Friday, June 3, 2011

Say it isn't so...

Little Heart is officially a High School kid.
Yesterday they had a whole8th grade graduation ceremony with gowns (no caps) and gave out awards and everyone crossed the stage to get their diploma. I admit, I cried a little. Ok, I cried a lot. Everyone around me in the bleachers surely thought I was one of those crazy parents who hover and make a big deal about every little thing my kids do. Maybe I am, but I don't care. I couldn't be prouder of my kiddos.

Part of what choked me up was just the realization that all this might never have happened. Had I taken the advice of some very well-meaning doctors, I would never have brought her into the world. Had I taken a path with more certainty, I would have faced even more heartache from losing her quickly. Had she decided to give even one ounce less of a fight, she would have been a much different child. Without the incredible support of my family, all the prayers, the doctors, nurses, surgeons, hospital staff, and even all our friends my Little Heart MIGHT have been smaller, weaker, sicker, developmentally delayed or permanently inhibited.But she isn't.

What I have now, in my oldest daughter, is a wonderful, amazing, beautiful young woman who is literally capable of anything any other average child is. Just that fact alone is a miracle. That she didn't just survive, but EXCELLED at this thing called life... well, it just takes my breath away.

Here's a few little secrets I haven't told her. I am so proud of her I could bust. There isn't one thing that she does in her daily life that doesn't astound me. Everything from waking up and dressing herself to making her way through school and on back to being the normal kid she is around all her friends - all of it is something I never thought would happen. Her little sisters look up to her and think she is the coolest EVAR and I can't blame them. I kind of agree. I have to keep it quiet, though, or I might just blow my whole cover.

 First off, I do tell her I am proud of her. I tell her all the time. I just can't say just HOW proud I am. Here's why I can't tell her that every day. Not only are there not enough words to describe it adequately, but I am afraid to really let her know what a miraculous creation she is to me. You see, I strive every moment of every day to make sure she believes she is the same as everyone else. If I let on just how amazing it is that she can make her own ramen noodles in the afternoon, maybe she will stop striving to be better and better than she already is. If I tell her that her reading Twilight or a Harry Potter book is commendable for someone that I was told might not live to learn to read, will decide that she doesn't need to work harder and reach further? Will she become so confident in her own limits that she won't try to push them?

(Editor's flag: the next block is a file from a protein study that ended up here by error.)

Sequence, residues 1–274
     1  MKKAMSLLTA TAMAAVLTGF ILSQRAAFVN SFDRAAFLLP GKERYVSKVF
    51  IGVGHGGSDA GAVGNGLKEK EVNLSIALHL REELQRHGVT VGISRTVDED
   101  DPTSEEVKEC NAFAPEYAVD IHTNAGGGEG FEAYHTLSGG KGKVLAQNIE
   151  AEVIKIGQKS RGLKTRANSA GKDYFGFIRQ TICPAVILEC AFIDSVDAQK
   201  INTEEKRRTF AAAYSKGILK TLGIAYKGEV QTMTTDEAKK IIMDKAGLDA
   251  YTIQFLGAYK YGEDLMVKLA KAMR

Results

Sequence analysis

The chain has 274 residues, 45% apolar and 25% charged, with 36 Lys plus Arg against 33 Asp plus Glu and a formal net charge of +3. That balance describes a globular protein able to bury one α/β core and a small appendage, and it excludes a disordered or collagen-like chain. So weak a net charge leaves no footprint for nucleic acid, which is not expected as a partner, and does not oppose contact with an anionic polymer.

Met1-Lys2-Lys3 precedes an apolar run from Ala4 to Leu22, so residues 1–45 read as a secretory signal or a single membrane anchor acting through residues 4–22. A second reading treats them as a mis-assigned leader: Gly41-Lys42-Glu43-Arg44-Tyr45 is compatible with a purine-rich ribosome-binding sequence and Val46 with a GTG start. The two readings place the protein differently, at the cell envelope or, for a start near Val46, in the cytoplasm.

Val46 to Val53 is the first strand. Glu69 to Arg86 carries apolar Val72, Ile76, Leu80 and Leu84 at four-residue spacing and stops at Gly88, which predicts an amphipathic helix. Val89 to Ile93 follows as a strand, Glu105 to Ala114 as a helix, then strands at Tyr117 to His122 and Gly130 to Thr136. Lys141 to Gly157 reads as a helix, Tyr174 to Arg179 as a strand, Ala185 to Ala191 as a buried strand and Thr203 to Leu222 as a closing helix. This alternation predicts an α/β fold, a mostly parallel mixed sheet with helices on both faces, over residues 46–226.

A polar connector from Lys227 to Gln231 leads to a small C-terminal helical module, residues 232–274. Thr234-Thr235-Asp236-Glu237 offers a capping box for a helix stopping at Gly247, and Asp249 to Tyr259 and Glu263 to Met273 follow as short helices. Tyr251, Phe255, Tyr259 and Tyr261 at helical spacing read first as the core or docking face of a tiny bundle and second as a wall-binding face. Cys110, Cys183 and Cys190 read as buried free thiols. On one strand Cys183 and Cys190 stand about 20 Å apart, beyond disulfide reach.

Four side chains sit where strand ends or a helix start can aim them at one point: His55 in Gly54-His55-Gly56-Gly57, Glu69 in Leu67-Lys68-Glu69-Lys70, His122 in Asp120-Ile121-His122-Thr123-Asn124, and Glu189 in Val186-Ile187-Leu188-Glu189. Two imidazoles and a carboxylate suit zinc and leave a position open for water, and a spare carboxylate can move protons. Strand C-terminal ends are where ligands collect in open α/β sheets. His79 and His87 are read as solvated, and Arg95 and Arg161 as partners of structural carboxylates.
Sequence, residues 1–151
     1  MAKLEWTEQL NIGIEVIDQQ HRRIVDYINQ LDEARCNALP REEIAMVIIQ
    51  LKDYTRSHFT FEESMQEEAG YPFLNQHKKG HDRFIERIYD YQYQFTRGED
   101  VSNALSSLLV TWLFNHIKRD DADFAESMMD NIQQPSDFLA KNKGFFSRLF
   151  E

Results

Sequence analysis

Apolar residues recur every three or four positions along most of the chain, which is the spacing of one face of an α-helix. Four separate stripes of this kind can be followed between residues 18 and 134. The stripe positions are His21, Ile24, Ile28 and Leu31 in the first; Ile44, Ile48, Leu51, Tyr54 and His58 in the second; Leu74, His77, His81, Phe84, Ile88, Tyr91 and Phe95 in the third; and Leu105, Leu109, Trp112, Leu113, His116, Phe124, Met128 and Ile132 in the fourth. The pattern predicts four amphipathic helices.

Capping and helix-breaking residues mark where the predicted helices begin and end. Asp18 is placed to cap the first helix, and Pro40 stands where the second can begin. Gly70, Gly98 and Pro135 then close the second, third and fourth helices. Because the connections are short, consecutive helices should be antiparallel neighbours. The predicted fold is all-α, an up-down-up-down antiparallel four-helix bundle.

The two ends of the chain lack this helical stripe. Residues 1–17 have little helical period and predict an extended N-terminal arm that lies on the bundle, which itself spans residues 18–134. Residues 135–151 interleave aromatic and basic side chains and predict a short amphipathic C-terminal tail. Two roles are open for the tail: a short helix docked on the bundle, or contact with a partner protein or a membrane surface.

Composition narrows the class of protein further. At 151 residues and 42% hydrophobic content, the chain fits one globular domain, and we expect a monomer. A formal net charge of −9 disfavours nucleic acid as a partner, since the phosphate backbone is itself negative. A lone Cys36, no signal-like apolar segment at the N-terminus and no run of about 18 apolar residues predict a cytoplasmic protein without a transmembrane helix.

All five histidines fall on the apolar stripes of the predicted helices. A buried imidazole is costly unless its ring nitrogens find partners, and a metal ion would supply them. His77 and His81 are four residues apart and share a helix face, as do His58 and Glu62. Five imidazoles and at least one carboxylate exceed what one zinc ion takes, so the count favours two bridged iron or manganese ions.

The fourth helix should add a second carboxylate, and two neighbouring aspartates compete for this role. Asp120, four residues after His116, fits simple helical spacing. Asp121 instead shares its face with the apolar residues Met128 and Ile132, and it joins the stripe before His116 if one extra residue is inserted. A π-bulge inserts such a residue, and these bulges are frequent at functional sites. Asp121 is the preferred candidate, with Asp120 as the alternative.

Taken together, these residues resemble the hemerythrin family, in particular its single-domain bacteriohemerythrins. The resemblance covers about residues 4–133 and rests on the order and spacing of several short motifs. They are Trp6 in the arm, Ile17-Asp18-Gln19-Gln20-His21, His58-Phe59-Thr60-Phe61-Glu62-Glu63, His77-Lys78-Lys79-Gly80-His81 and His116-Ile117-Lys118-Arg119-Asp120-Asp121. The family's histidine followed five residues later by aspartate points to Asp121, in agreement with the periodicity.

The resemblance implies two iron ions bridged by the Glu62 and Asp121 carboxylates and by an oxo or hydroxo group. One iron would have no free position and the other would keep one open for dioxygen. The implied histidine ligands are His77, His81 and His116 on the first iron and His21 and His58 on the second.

I guess it is a pretty backwards way to think - that if I tell her that she means more to me than breath, that she will take it for granted and maybe won't live up to even more? Also, I think it is a bit scary to ME to realize it sometimes. Looking at her, I see a fragile china doll, not a sturdy 13 year old who is ready to take on the world. What if she starts to view herself as breakable and starts to fear the rough side of life? I don't want anything to ever cause her to pause and rethink how far she can push herself. I managed to convince her to join the marching band next year. She thinks it will be a lot of work and all she can focus on is giving up her last month of vacation to start band practice early. Little does she realize that it's all for me. I want to be able to go to every football game and see my little girl on the field or in the stands and be able to say to everyone around, "That's MY girl. The little one with the trumpet! That's HER! We never thought she would leave the hospital 14 years ago and now look at her!"

I am confident that she knows I love her and that I am proud of her. I just can't bring myself to even come close to letting on just how much that is. I'm going to go hug her and punch her in the arm and say something like, "You're cool, for a kid."
What I will be saying in my heart is, "You are the most incredible creation I have ever come into contact with. I couldn't imagine loving you more or being more proud of you."

Maybe she will be able to read between the lines.

Deb "Band Mom" Lollar

1 comment:

  1. So long as she doesn't read your blog, she's fine...

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